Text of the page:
Archie Battersbee: Southend MP Anna Firth calls for meeting with health secretary Steve Barclay

Archie Battersbee 
Credit: family photo
Archie Battersbee's mother is pushing for change in the wake of his death. Credit: Family photo

Archie Battersbee's local MP has called for a meeting with the health secretary to discuss the 12-year-old's care, labelling the dispute over his life-support treatment "just not appropriate".

Anna Firth, the Conservative MP for Southend West, is seeking to speak to Steve Barclay about her concerns over the case, which was disputed through the courts for months this summer.

Archie died on 6 August after a High Court judge ruled that it was not in his best interests for treatment to continue, with repeated appeals lodged by his parents ultimately failing to overturn the decision.

Mrs Firth has requested a meeting alongside Archie's mum Hollie Dance, and said she had witnessed the case from start to finish.

“The state process for dealing with the withdrawal of life support for a child where there is a dispute between the parents and the hospital is just not appropriate,” she said. “As a society I think we can do better.”

She added: “I have now formally written, on behalf of Hollie, to the health secretary, requesting a meeting to discuss Archie’s case.”

Ms Dance has also written to Mr Barclay, asking for a meeting, and said she wants a “public inquiry” into the “operation of this system” and a “change of the law”.

Judges at the High Court heard that Ms Dance had found Archie unconscious with a ligature over his head on April 7. She thinks he might have been taking part in an online challenge. He never regained consciousness.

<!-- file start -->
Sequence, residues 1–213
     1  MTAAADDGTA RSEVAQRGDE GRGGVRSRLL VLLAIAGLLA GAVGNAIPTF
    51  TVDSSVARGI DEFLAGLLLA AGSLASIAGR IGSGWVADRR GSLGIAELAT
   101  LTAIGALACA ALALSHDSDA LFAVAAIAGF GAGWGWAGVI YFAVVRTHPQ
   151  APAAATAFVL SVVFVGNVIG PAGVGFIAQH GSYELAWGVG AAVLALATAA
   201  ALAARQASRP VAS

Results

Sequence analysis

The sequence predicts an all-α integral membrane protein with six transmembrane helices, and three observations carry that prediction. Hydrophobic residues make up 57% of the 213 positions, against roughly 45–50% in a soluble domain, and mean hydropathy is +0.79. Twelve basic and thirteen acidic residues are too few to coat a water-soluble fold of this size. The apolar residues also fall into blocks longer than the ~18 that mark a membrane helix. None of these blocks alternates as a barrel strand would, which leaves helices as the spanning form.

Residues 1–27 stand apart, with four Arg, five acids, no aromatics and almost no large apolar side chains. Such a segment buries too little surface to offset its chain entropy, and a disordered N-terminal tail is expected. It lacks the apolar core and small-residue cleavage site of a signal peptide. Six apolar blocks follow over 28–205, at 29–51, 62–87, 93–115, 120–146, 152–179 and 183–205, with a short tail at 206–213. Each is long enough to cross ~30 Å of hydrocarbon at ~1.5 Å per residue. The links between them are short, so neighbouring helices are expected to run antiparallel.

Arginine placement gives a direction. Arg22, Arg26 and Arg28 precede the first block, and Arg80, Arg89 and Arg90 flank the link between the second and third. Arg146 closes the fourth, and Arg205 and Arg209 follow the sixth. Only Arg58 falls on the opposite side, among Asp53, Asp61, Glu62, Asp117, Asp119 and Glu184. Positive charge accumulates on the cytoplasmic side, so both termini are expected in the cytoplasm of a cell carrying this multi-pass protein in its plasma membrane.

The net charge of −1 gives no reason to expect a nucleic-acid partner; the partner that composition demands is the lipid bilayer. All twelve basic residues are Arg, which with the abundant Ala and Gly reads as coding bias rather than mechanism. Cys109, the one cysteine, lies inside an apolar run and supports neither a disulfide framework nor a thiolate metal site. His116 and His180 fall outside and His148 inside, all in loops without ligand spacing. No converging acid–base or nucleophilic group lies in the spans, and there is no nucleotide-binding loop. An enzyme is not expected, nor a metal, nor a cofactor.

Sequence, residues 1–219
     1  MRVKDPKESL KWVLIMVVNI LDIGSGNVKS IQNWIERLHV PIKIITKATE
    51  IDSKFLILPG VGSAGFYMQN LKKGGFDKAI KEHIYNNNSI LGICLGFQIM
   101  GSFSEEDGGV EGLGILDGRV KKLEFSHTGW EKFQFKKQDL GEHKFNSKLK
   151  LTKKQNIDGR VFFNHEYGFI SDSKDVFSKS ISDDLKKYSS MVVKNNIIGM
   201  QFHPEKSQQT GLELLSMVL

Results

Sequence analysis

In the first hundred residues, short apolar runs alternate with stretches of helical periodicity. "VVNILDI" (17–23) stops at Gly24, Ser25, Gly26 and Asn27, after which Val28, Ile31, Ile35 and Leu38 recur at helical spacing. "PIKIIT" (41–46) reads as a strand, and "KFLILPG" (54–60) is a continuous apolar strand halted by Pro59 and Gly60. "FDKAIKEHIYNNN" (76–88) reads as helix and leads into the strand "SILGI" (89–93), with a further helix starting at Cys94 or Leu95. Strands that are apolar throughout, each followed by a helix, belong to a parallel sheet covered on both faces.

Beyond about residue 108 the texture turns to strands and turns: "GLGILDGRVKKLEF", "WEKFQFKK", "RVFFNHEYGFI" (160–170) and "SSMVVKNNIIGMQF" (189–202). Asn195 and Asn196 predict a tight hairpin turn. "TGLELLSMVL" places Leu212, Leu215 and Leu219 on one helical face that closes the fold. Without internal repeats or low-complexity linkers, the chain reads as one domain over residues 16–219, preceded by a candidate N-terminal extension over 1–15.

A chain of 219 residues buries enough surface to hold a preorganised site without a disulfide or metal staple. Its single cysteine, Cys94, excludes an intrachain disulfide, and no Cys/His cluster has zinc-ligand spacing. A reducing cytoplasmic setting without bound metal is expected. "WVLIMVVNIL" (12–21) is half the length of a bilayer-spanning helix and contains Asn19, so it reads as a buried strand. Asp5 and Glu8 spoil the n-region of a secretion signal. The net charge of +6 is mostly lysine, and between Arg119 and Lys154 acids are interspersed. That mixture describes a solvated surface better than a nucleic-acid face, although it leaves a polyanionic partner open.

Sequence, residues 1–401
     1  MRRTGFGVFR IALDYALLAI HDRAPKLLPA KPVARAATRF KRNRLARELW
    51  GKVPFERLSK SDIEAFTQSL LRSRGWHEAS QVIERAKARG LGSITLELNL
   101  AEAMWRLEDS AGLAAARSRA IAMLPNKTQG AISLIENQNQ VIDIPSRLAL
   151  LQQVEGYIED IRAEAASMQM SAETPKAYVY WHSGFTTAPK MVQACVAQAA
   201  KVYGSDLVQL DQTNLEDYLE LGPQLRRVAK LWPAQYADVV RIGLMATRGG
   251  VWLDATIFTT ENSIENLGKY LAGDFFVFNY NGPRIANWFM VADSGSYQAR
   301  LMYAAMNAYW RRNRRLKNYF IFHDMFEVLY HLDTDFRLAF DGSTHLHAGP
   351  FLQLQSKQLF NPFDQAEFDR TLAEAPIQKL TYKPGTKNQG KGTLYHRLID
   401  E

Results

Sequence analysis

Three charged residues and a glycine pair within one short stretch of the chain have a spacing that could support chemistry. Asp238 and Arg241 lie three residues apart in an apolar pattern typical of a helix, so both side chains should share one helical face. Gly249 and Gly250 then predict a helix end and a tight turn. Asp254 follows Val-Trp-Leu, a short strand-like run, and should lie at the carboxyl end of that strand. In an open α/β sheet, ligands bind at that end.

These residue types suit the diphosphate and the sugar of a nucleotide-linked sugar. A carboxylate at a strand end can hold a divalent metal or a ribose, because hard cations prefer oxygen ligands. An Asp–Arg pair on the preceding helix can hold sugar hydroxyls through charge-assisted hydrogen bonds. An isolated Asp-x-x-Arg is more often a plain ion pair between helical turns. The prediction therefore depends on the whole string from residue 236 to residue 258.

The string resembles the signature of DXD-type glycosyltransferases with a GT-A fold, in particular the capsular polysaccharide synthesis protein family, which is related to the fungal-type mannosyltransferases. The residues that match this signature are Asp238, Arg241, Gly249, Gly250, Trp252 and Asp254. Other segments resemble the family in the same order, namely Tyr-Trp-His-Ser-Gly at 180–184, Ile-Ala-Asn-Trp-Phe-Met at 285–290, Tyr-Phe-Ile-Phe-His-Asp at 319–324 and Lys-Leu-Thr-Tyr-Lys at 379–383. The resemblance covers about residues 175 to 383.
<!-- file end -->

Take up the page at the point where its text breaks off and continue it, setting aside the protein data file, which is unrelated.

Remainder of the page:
Ms Dance had earlier said she felt “backed into a corner” by the legal system and that her family felt “stripped” of their rights.

Mrs Firth said: “I accompanied Hollie and her family to court in April when they were summonsed with less than 12 hours’ notice, and only three weeks since his accident.

“To me, this was inappropriate and unduly hasty – no time to prepare, no time to process and, most importantly, no appropriate legal representation when they needed it.”

She added: “Although this situation was rectified by the next court hearing, to start the court proceedings in this way is wrong. The parents need a level playing field from the outset. This is basic legal levelling up.”

Archie Battersbee died on 6 August at the end of a long court battle over his care. Credit: Family photo

The MP went on: “Any decision about removing a child from life-support should, ideally, be made with, not to, those who love them dearly.

“Compassion, communication and mediation must be at the core of the process and, critically, sufficient time to process the tragedy they have been through.

“Dragging them through courts and legal processes with courts and NHS trusts, especially without equal legal representation at the very start, automatically creates an adversarial relationship between the parents and those caring for their child.”

Ministers have already said they will commission a review into the causes of disagreement in the care of critically-ill children – detail was given in the 2022 Health and Care Act.

Archie's case has prompted discussion about how such cases are handled by the courts, with one solution suggested being the appointment of an independent mediator.

Anna Firth wants to meet the health secretary to discuss Archie Battersbee's care. Credit: PA

Doctors treating Archie at the Royal London Hospital in Whitechapel, east London, thought he was brain-stem dead and said continued life-support treatment was not in his best interests.

Bosses at the hospital’s governing trust, Barts Health NHS Trust, had asked for decisions on what medical moves were in Archie’s best interests.

A High Court judge, Mrs Justice Arbuthnot, initially considered the case and concluded that Archie was dead.

But Court of Appeal judges upheld a challenge by his parents against decisions taken by Mrs Justice Arbuthnot and said the evidence should be reviewed by a different High Court judge, Mr Justice Hayden.

He ruled after a further hearing that ending treatment would be in Archie’s best interests.

Hollie Dance speaks to the media outside the Royal Courts of Justice Credit: Dominic Lipinski/PA

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